What are the natural ways to reduce eczema symptoms?
I've been there.
Surprised to see angry-red, itchy skin patches on my neck, arms, and even on my eye area. It was embarrassing to go out in public with these eczema flares front and center on my face. The problem is, there were so many root causes.
People think eczema is just one thing that happens on our skin. But it is actually an umbrella term used to describe different types of skin conditions such as atopic dermatitis, dry skin, seborrheic dermatitis, sometimes even acne and psoriasis.
Eczema treatments are usually skin creams or topical ointments that treat the external symptom. I, however, believe that in order to address these symptoms, you must manage more than just the itching of the skin and find, through a little research, the root cause so you can prevent any more eczema flares in the future.
Before any kind of remedy is used, looking for your triggers is essential in healing eczema. I use my Eczema Triad as a lens to look for the root causes of eczema.
The eczema triad includes internal, external, and emotional angle. To prevent eczema means addressing not just the physical triggers but also the internal and emotional reasons. It can be your diet that is problematic or your immune system having a hard time due to nutrient deficiencies. These wreak havoc and contribute to inflammatory skin.
Maybe it's all about the foods you eat or the stress you're experiencing because of work, being a homeschool parent, or relationships. There are factors under the surface to fully address the symptoms and the triggers of your eczema.
Sometimes using that skin cream is not enough to manage your eczema symptoms (plus prolonged use can be detrimental to your overall health).
What can you do now?
Here's a roundup of natural remedies you can do to prevent further eczema flareups.
- Get your Light on a.k.a Photobiomodulation. Vitamin D, which you can get from sunlight, is beneficial in signaling your body to produce hormones such as the melatonin that you need for a good night's sleep. You can use lightboxes that simulate sunlight during wintertime so you can continue reaping the benefits of Photobiomodulation.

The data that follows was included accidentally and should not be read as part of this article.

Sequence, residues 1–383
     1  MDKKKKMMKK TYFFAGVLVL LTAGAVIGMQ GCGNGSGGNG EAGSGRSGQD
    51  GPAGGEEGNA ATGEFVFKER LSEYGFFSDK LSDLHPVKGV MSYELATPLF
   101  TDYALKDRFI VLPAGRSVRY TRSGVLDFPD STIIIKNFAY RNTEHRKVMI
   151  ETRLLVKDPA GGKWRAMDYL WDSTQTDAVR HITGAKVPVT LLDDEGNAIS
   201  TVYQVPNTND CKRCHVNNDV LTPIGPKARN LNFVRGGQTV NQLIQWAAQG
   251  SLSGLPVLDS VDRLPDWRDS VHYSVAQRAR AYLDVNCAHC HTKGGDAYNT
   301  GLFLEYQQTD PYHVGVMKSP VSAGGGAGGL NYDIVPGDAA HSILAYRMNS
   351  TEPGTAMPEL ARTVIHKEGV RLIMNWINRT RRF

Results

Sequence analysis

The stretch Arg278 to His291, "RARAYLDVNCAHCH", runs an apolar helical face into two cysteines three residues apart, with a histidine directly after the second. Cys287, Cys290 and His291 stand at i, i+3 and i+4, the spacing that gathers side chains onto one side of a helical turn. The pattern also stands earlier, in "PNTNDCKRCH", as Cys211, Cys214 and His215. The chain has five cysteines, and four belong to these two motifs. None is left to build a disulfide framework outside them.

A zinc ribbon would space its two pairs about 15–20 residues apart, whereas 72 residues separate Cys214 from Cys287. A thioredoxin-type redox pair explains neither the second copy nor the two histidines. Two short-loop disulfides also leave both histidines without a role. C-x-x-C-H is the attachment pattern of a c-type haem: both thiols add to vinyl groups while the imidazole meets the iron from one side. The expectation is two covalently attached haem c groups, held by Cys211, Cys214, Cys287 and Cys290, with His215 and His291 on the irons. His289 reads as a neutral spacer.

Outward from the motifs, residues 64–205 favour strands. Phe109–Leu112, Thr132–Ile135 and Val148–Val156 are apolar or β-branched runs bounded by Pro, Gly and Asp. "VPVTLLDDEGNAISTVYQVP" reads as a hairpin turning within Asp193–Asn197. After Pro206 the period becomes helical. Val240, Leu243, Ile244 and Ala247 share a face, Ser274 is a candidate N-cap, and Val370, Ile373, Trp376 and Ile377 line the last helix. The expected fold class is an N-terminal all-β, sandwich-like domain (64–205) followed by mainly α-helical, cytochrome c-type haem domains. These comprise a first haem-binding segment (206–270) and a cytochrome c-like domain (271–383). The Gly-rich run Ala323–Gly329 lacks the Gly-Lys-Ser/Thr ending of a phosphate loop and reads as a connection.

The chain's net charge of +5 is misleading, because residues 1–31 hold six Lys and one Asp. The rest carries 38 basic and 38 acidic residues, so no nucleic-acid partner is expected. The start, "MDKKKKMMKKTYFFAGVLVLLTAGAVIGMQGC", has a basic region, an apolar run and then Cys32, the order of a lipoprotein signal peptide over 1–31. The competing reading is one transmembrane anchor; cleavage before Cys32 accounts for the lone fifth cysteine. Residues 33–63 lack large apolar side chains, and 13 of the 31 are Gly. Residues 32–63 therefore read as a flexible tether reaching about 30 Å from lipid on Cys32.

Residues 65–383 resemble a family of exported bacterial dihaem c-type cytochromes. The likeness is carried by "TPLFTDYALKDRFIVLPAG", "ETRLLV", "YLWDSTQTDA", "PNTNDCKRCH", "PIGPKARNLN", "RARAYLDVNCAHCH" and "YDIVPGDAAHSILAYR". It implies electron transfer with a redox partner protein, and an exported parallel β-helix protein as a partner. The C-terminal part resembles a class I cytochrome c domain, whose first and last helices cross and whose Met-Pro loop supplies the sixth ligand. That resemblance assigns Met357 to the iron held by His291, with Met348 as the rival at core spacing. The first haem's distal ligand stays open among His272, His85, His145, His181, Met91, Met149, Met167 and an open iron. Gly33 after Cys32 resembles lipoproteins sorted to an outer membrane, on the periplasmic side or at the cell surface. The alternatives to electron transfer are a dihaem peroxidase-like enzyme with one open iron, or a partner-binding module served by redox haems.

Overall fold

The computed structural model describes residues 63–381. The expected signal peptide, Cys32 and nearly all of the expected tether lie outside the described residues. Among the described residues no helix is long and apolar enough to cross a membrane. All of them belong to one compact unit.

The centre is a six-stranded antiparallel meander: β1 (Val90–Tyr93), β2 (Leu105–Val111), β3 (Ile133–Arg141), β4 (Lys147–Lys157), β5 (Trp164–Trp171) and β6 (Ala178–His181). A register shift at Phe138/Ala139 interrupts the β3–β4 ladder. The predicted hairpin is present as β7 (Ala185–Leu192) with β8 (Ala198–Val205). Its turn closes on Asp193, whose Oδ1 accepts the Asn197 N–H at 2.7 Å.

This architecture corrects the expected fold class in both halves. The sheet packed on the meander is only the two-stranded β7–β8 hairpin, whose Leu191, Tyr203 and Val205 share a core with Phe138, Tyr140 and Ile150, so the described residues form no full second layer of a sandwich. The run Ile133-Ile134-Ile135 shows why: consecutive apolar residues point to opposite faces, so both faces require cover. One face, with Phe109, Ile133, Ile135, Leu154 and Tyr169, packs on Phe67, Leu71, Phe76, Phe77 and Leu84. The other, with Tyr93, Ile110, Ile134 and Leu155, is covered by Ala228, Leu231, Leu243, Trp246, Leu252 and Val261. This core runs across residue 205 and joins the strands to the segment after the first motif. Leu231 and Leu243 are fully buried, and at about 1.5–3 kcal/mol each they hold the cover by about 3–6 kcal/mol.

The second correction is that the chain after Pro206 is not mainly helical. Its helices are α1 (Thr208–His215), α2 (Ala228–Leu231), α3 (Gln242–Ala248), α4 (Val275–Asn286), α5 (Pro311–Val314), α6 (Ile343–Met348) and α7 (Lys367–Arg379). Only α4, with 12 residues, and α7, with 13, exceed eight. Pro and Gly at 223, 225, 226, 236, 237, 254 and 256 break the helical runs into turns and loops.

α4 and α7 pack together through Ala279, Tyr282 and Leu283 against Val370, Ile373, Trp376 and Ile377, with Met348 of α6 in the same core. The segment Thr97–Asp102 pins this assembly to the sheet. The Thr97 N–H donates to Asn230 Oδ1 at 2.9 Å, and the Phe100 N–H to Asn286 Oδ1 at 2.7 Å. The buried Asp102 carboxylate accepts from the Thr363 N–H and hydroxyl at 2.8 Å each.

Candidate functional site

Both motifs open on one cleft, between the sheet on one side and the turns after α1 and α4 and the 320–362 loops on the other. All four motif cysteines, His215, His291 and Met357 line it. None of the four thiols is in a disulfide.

- Be a Gut Guru. Taking care of your gut microbiome is very important when addressing skin issues. Inflammation that happens inside can manifest outside too. Start a food journal so you can monitor which foods seem to cause skin itching or flareups. Consider your genetics by considering family history first. Genes help tell an enzyme how well to work. Be mindful of how you use antibiotics. Wiping out the good bacteria along with the bad bacteria in your stomach is detrimental to your health as much as bacterial and fungal imbalances that rob B vitamins to make you tired and foggy.
- Boost your body's defense. Dry, itchy skin may be an effect of having fat-soluble nutrient issues. You may want to add a bit of supplementation to your daily routine. Fat-soluble vitamins include B Vitamins, A, D, E, and K. For vitamin D, it's always better to get your dose of this vitamin from the sun but some don’t manufacture Vitamin D efficiently due to their genetics. If you're going through a stressful time (who isn’t??), you might add more B5 or Magnesium as these nutrients are compromised when the body goes through a lot of stress. Vitamin E enhances the immune system and is considered an antioxidant.
- Ohm, your itch away. Just kidding. You don’t have to Ohm. But you can take 2 minutes each day to FOCUS ON BREATH. Mindful breathing and meditation help manage your emotional responses to less than ideal situations that cause you to sweat and break out in rashes. Controlling your breath means controlling not only your mind but also your body. Practicing meditation also improves our mindfulness. Living a more mindful life means paying close attention to what we eat, what we wear, our environment, and how all these affect us.
These are just a few things you can do to manage your eczema. By making small changes that compound, we can help ourselves heal our skin issues at a much quicker rate.
Check out the eczemanutritionist.com for more resources for decoding your eczema.